A Beautifully Illustrated Edition of On Tyranny: Twenty Lessons from the Twentieth Century, the Bestselling Book by Historian Timothy Snyder

For all its talk of lib­er­ty, the US gov­ern­ment has prac­ticed dehu­man­iz­ing author­i­tar­i­an­ism and mass mur­der since its found­ing. And since the rise of fas­cism in the ear­ly 20th cen­tu­ry, it has nev­er been self-evi­dent that it can­not hap­pen here. On the con­trary — wrote Yale his­to­ri­an Tim­o­thy Sny­der before and through­out the Trump pres­i­den­cy — it hap­pened here first, though many would like us to for­get. The his­to­ries of south­ern slav­oc­ra­cy and man­i­fest des­tiny direct­ly informed Hitler’s plans for the Ger­man col­o­niza­tion of Europe as much as did Europe’s 20th-cen­tu­ry col­o­niza­tion of Africa and Asia.

Sny­der is not a schol­ar of Amer­i­can his­to­ry, though he has much to say about his country’s present. His work has focused on WWI­I’s total­i­tar­i­an regimes and his pop­u­lar books draw from a “deep knowl­edge of twen­ti­eth-cen­tu­ry Euro­pean his­to­ry,” write Françoise Mouly and Genevieve Bormes at The New York­er.

These books include best­sellers like Blood­lands: Europe Between Hitler and Stal­in and the con­tro­ver­sial Black Earth: The Holo­caust as His­to­ry and Warn­ing, a book whose argu­ments, he said, “are clear­ly not my effort to win a pop­u­lar­i­ty con­test.”

Indeed, the prob­lem with rigid con­for­mi­ty to pop­ulist ideas became the sub­ject of Snyder’s 2017 best­seller, On Tyran­ny: Twen­ty Lessons from the Twen­ti­eth Cen­tu­ry, “a slim vol­ume,” Mouly and Bormes note, “which inter­spersed max­ims such as ‘Be kind to our lan­guage’ and ‘Defend insti­tu­tions’ with bio­graph­i­cal and his­tor­i­cal sketch­es.” (We post­ed an abridged ver­sion of Snyder’s 20 lessons that year.) On Tyran­ny became an “instant best-sell­er… for those who were look­ing for ways to com­bat the insid­i­ous creep of author­i­tar­i­an­ism at home.”

If you’ve paid any atten­tion to the news late­ly, maybe you’ve noticed that the threat has not reced­ed. Ideas about how to com­bat anti-demo­c­ra­t­ic move­ments remain rel­e­vant as ever. It’s also impor­tant to remem­ber that Snyder’s book dates from a par­tic­u­lar moment in time and draws on a par­tic­u­lar his­tor­i­cal per­spec­tive. Con­tex­tu­al details that can get lost in writ­ing come to the fore in images — cloth­ing, cars, the use of col­or or black and white: these all key us in to the his­toric­i­ty of his obser­va­tions.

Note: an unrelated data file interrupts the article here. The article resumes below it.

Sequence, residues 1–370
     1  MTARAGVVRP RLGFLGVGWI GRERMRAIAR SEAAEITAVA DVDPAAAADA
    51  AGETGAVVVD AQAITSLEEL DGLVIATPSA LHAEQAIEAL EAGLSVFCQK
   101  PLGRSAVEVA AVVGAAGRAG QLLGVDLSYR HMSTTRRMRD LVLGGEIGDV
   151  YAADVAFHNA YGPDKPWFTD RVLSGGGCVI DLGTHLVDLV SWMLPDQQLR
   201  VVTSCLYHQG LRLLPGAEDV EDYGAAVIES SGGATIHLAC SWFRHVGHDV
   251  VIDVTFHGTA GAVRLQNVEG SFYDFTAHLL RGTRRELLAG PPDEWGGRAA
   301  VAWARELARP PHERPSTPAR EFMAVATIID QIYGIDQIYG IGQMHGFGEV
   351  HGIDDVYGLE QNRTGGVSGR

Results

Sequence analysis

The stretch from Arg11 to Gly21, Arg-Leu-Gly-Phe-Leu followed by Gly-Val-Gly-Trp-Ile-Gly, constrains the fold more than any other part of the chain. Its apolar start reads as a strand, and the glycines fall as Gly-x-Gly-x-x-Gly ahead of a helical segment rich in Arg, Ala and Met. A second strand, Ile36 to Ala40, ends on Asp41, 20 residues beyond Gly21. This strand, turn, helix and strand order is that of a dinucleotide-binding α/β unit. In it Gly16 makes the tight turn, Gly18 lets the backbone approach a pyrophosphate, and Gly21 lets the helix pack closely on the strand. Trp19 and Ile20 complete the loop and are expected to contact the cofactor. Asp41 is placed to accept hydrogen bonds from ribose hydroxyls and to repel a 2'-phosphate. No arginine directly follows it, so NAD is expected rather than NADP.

“We don’t exist in a vac­u­um,” says artist Nora Krug, the design­er and illus­tra­tor of a new, graph­ic edi­tion of On Tyran­ny just released this month. “I use a vari­ety of visu­al styles and tech­niques to empha­size the frag­men­tary nature of mem­o­ry and the emo­tive effects of his­tor­i­cal events.” Krug worked from arti­facts she found at flea mar­kets and antique stores, “depos­i­to­ries of our col­lec­tive con­scious­ness,” as she writes in an intro­duc­to­ry note to the new edi­tion.

Krug’s choice of a vari­ety of medi­ums and cre­ative approach­es “allows me to admit,” she says, “that we can only exist in rela­tion­ship to the past, that every­thing we think and feel is thought and felt in ref­er­ence to it, that our future is deeply root­ed in our his­to­ry, and that we will always be active con­trib­u­tors to shap­ing how the past is viewed and what our future will look like.”

It’s an approach also favored by Sny­der, who does not shy away, like many his­to­ri­ans, from explic­it­ly mak­ing con­nec­tions between past, present, and pos­si­ble future events. “It’s easy for his­to­ri­ans to say, ‘It’s not our job to write the future,’” he told The New York Times in 2015. “Yes, right. But then whose job is it?” See many more images from the illus­trat­ed On Tyran­ny at The New York­er and pur­chase a copy of the book here.

Via Kot­tke

Relat­ed Con­tent:

20 Lessons from the 20th Cen­tu­ry About How to Defend Democ­ra­cy from Author­i­tar­i­an­ism, Accord­ing to Yale His­to­ri­an Tim­o­thy Sny­der

The Sto­ry of Fas­cism: Rick Steves’ Doc­u­men­tary Helps Us Learn from the Hard Lessons of the 20th Cen­tu­ry

Umber­to Eco Makes a List of the 14 Com­mon Fea­tures of Fas­cism

Josh Jones is a writer and musi­cian based in Durham, NC. Fol­low him at @jdmagness

by | Permalink | Comments (4) |

Sup­port Open Cul­ture

We’re hop­ing to rely on our loy­al read­ers rather than errat­ic ads. To sup­port Open Cul­ture’s edu­ca­tion­al mis­sion, please con­sid­er mak­ing a dona­tion. We accept Pay­Pal, Ven­mo (@openculture), Patre­on and Cryp­to! Please find all options here. We thank you!

Comments (4)
You can skip to the end and leave a response. Pinging is currently not allowed.

Leave a Reply

Open Culture was founded by Dan Colman.